Ohio arsonist registry won't be made public

By Marc Kovac | R-C Capital Bureau Published:

COLUMBUS -- State lawmakers agreed Wednesday to remove language from legislation creating a registry of convicted arsonists that would have made the new list open to public perusal.

A conference committee of the Ohio Senate and House agreed to the change, over the objections of two Democratic members, and Substitute Senate Bill 70 likely will be headed to Gov. John Kasich for his signature in coming days.

The legislation requires individuals convicted of arson offenses during the previous decade to register with county sheriff's offices.

Offenders would provide their full name or any aliases they use, address, details of their offenses and other information.

The Ohio House, through a floor amendment, voted to make the registry a public record, counter to the original version. That prompted opposition from the sponsor, Sen. Tim Schaffer, a Republican from Lancaster who has pushed the legislation for years.

"For the purposes right now of trying to get a law enforcement tool into fire investigators' hands so we can start preventing arsons today ... we need to get this thing moving," he said Wednesday.

Sen. Mike Skindell, a Democrat from Cleveland, urged that the list be made a public record.

"There are a lot of researchers and other individuals that would find use of this information beneficial," he said. "We are government, and as government it is presumed that the records created by government are public unless there's a compelling interest not to."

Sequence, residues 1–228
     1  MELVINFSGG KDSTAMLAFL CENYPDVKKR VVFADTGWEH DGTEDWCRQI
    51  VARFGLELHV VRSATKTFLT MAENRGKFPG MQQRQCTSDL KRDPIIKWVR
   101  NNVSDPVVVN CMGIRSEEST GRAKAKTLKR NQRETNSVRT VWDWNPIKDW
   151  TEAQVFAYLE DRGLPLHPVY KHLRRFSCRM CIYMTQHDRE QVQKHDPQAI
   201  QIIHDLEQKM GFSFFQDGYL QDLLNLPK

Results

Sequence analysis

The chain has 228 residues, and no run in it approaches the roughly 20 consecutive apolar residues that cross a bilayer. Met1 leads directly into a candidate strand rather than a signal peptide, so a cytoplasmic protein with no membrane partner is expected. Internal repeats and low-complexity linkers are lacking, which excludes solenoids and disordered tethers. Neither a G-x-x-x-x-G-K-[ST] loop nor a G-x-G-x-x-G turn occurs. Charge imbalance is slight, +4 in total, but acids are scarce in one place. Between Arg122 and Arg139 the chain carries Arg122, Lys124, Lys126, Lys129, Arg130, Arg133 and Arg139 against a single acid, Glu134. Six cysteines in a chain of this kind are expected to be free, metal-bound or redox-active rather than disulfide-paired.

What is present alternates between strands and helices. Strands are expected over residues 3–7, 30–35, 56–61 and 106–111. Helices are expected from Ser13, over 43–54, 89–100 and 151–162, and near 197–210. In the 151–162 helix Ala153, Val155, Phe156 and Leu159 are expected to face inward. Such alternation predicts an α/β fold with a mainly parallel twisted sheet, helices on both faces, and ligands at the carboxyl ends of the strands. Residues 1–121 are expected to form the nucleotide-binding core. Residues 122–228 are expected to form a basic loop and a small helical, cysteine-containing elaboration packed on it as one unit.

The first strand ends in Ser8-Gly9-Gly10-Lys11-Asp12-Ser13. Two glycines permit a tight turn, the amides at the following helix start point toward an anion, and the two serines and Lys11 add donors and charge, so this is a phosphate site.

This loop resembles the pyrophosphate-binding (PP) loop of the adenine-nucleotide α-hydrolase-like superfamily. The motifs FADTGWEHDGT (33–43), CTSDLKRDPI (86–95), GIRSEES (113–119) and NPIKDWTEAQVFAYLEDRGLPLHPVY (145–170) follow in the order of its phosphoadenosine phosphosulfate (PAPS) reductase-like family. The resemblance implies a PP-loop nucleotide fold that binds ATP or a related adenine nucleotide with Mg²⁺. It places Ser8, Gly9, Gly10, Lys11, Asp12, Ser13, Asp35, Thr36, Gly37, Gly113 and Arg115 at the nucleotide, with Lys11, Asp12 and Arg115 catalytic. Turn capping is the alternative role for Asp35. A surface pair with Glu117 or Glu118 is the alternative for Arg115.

Schaffer said he would be willing to participate in discussions during the new session about public registries of different offenders, but he did not support adding a public record amendment to his arson registry bill.

The Ohio Association of Professional Firefighters supported the legislation, sans public records provision.

"We're just looking for a tool to get information into our fire investigators' hands, to law enforcement's hands, so we can start to search in the region where we might have repeat offenders of arson," said Mark Sanders, president of the group. He added, "Many times, [arsonists] are repeat offenders who have a disease, quite frankly. ... Mansfield has been ravaged. Toledo has been ravage. I just came from an arson fire overnight in Cincinnati. It's a problem."

Marc Kovac is the Dix Capital Bureau Chief. Email him at mkovac@dixcom.com or on Twitter at OhioCapitalBlog.

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